The 3D tomogram then remains available for analysis in order to enable the quantification and the determination of the location of structures, molecules or molecular probes of interest. An object such as a biological cell may be labeled with at least one stain or tagged molecular probe, and the measured amount and location of this probe may yield important information about the disease state of the cell, including, but not limited to, various cancers such as lung, breast, prostate, cervical and ovarian cancers.
In Optical Tomography Microscope (OPTM) systems as described, for example, in Fauver, about 250 sample images taken over a 180 degree rotation are required to adequately sample the volume of a cell nucleus randomly distributed in a flow stream within a 50 micron capillary tube. Due to limitations in the previous cell introduction method, a high number of the cells appear close to the capillary tube walls making the sampling just good enough to render ˜0.6 micron resolution at an outer radius.
Because such optical tomography systems use unfocused capillary tube loading techniques, cells and other objects are prone to tracking errors and optical imperfections including geometric distortion and loss of resolution from aberrations induced by tube wall refraction. Such systems are also sensitive to longitudinal movement due to vibration of media, temperature changes, entrapped gas expansion and/or gel instability from chemistry and local rheology changes. Uncentered specimens also tend to stick to walls or move slowly along walls leading to clogging from aggregations of cells attaching to walls. Present systems also suffer from sample carryover problems.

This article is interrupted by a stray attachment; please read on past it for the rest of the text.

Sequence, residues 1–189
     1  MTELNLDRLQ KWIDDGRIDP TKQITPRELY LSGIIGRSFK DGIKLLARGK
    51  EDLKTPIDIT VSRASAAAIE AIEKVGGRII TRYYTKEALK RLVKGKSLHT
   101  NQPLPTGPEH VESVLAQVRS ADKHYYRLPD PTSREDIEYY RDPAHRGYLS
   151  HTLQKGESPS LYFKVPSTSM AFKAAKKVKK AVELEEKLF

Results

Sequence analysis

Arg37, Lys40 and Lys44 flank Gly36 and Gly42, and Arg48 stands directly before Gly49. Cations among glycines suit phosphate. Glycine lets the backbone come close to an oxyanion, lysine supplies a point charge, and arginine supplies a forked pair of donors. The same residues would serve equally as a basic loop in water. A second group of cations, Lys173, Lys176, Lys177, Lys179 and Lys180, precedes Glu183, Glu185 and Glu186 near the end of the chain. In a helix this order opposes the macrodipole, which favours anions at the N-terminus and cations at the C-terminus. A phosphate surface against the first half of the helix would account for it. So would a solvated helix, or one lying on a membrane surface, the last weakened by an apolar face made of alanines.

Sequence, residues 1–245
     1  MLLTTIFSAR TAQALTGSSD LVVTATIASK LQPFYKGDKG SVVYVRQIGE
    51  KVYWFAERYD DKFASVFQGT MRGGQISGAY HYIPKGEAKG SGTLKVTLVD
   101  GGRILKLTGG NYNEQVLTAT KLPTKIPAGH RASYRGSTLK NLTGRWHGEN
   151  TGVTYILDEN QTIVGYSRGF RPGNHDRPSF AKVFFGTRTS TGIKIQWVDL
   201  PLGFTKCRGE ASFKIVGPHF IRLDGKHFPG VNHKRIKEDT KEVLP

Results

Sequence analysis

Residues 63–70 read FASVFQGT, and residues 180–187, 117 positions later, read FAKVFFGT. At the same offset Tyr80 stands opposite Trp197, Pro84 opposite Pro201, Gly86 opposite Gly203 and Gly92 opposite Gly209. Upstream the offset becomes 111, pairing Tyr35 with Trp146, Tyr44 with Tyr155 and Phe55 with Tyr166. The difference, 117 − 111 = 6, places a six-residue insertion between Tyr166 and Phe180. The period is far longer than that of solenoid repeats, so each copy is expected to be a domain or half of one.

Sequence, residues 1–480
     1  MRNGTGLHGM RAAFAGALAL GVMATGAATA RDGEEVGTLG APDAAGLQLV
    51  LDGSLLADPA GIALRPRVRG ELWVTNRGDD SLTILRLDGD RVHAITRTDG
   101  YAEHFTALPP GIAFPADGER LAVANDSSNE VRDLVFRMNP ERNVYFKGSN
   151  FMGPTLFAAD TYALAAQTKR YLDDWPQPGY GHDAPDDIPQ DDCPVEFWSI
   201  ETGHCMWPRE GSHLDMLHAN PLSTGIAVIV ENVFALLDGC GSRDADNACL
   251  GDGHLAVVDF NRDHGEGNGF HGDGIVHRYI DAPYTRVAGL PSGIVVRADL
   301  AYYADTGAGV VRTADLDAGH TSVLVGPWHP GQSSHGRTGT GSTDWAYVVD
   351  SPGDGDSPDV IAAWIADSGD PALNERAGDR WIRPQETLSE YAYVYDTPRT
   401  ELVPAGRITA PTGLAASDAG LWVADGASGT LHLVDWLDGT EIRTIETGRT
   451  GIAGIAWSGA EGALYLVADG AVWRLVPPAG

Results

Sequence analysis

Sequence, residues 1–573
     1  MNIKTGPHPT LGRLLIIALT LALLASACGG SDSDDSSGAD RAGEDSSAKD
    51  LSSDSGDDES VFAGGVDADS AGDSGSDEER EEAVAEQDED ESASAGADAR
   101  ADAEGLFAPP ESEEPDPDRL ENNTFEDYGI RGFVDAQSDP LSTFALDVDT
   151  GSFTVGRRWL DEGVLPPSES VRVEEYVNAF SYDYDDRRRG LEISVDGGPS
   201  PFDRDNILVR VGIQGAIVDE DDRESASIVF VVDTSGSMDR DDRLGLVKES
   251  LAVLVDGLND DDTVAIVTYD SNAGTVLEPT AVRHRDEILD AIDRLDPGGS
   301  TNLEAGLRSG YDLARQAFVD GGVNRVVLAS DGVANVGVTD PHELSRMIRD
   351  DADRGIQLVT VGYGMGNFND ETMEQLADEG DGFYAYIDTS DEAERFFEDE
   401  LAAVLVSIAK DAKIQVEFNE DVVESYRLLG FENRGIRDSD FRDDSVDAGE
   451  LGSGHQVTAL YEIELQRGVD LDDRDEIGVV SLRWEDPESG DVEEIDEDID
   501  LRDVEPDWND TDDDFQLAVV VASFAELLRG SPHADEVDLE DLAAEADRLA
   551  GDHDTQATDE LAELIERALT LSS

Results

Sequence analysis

In order to improve throughput, a method for providing higher resolution or improved signal to noise is needed to reduce sampling requirements while maintaining acceptable resolution. The present invention provides new and novel techniques for centering samples and reducing sample volumes to improve image acquisition and throughput in an OPTM system while mitigating sample carryover issues.
The present invention provides a method for loading a sample for imaging by an optical tomography system. A sample volume including at least one microscopic sample and a viscous fluid is coaxially loaded into a sample delivery tube. The sample volume is impelled through a focus cell into a capillary tube, where the capillary tube has a smaller crossectional area than the sample delivery tube, so that a reduced volume of the at least one microscopic sample and viscous fluid is constrained to a central region within the capillary tube.